6. Medicaid processes balance – Medicaid reviews the crossover claim and pays the secondary balance per Medicaid guidelines.

  7. Provider receives payment – The cardiologist gets the Medicaid payment for the remainder owed.

  8. No balance billing – The provider cannot bill the patient any outstanding amount.

This automated process allows fast coordinated claims payment without the need for providers to file the Medicaid portion separately. The provider gets seamlessly reimbursed.

How Providers Submit Crossover Only Applications

The process for submitting crossover only applications varies by state. Below are some common ways providers can apply:

  • Through state Medicaid portal– Many states allow online application via the Medicaid provider portal.

  • Fillable PDF form– Providers complete a printable PDF form and submit by email or mail.

  • Paper application – Some states still use a paper crossover only application that must be mailed in.

  • Fax – In some cases the application can be faxed with supplemental documents.

  • E-mail – Certain states allow scanned applications to be emailed.

  • Enrollment broker – States that use Medicaid enrollment brokers may direct providers to submit through them.

Each state website should outline the current process to apply. Supporting documents like W9s may need to be attached.

Crossover Only Application Processing Times

How long does it take to get approved for crossover only status? Approval times also depend on the state:

  • Same day to 1 week – Some states process applications very quickly in just a few days.

  • 1-2 weeks – More commonly it takes 1-2 weeks for approval.

  • 30 days – Federal guidelines recommend states approve or deny within 30 days.

  • 45-60 days – Some states take 45 days or longer for crossover only decisions.

Once approved, providers can immediately begin filing crossover claims for dual patients. Approved status must be renewed periodically, like every 1-3 years.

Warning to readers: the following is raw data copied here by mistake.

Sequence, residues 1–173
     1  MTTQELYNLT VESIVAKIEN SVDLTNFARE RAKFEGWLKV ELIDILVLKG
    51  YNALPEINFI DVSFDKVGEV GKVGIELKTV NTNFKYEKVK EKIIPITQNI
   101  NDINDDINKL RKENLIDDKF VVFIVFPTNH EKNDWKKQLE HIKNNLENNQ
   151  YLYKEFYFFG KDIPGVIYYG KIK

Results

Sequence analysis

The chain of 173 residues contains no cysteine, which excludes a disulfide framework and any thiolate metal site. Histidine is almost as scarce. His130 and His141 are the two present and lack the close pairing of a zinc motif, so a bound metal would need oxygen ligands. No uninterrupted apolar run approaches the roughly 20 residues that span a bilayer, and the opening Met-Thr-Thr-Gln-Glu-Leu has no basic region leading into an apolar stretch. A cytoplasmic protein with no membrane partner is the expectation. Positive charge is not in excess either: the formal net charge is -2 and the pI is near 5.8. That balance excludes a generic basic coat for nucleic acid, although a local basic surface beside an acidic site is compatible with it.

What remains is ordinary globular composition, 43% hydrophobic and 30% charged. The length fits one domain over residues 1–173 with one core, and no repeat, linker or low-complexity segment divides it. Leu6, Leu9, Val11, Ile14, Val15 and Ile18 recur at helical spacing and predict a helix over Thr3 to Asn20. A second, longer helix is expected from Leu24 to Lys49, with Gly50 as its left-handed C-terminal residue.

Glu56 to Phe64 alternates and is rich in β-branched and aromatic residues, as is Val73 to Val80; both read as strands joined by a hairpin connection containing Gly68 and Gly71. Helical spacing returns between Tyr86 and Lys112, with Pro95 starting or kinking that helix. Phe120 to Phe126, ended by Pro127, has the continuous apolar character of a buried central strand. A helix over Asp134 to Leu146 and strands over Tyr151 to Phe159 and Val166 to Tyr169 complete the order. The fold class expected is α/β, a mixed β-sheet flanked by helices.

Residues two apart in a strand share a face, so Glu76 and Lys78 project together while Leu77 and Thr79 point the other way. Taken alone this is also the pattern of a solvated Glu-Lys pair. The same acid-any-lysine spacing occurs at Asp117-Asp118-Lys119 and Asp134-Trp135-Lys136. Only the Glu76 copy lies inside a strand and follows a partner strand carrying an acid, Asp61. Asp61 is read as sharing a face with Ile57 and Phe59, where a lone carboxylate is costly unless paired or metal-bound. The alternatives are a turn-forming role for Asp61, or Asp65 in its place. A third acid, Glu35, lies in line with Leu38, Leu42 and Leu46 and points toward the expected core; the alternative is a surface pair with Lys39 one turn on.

Denied Crossover Only Applications

If a crossover application is denied by the state, here are common reasons why:

  • Incomplete application – Missing signatures, forms, or required information

  • Disqualified provider – Certain types like adult day care centers may not qualify

  • Medicare opt-out – Provider isn’t enrolled or opted out of Medicare

  • Under investigation – Recent disciplinary actions may result in denial

  • Unpaid Medicaid debts – Past Medicaid overpayments not yet repaid

  • Excluded providers – On state or federal excluded provider lists

If denied, the state will issue a denial letter explaining appeal rights. Providers may reapply after resolving the underlying issue for denial.

Key Takeaways

  • Allows providers to file Medicaid crossover claims for duals

  • Required for providers who see duals but aren’t Medicaid enrolled

  • Helps coordinate benefits and prevent patient balance billing

  • Each state has own application form and submission process

  • Processing times range from same day to 30-60 days

  • Denials can happen for issues like incomplete forms

  • Approval must be periodically renewed, often every 1-3 years

Understanding the coordinated claims process is crucial for serving dual eligible patients. Completing the state crossover only application ensures providers can be reimbursed for Medicare cost-sharing amounts by Medicaid. This process prevents dual eligible patients from getting stuck with unexpected medical bills.

How Crossover Works


What is a crossover only provider?

​ ​​​​​Crossover Only Provider Authorization Information The first condition is that they are enrolled in Medicare and they are not enrolled in Medi-Cal. The second condition is that they have provided a service to a dual-eligible beneficiary and are seeking approval for reimbursement of that service.

What does a crossover claim mean?

For most services rendered, Medicare requires a deductible and/or coinsurance that, in some instances, is paid by Medi-Cal. A claim billed to Medi-Cal for Medicare deductible and coinsurance is called a crossover claim. This type of claim has been approved or paid by Medicare.

What is the crossover process for Medicare?

The Coordination of Benefits Agreement (COBA) Medicare claims crossover program establishes a nationally standard contract between CMS and other health insurance organizations that defines the criteria for transmitting enrollee eligibility data and Medicare adjudicated claim data to supplemental payers.

What is automatic electronic crossover?

An automatic crossover claim is a claim that Medicare automatically forwards to ForwardHealth by the COBC (Coordination of Benefits Contractor) . Claims will be forwarded if the following occur: Medicare has identified that the services were provided to a dual eligible or a QMB-Only member.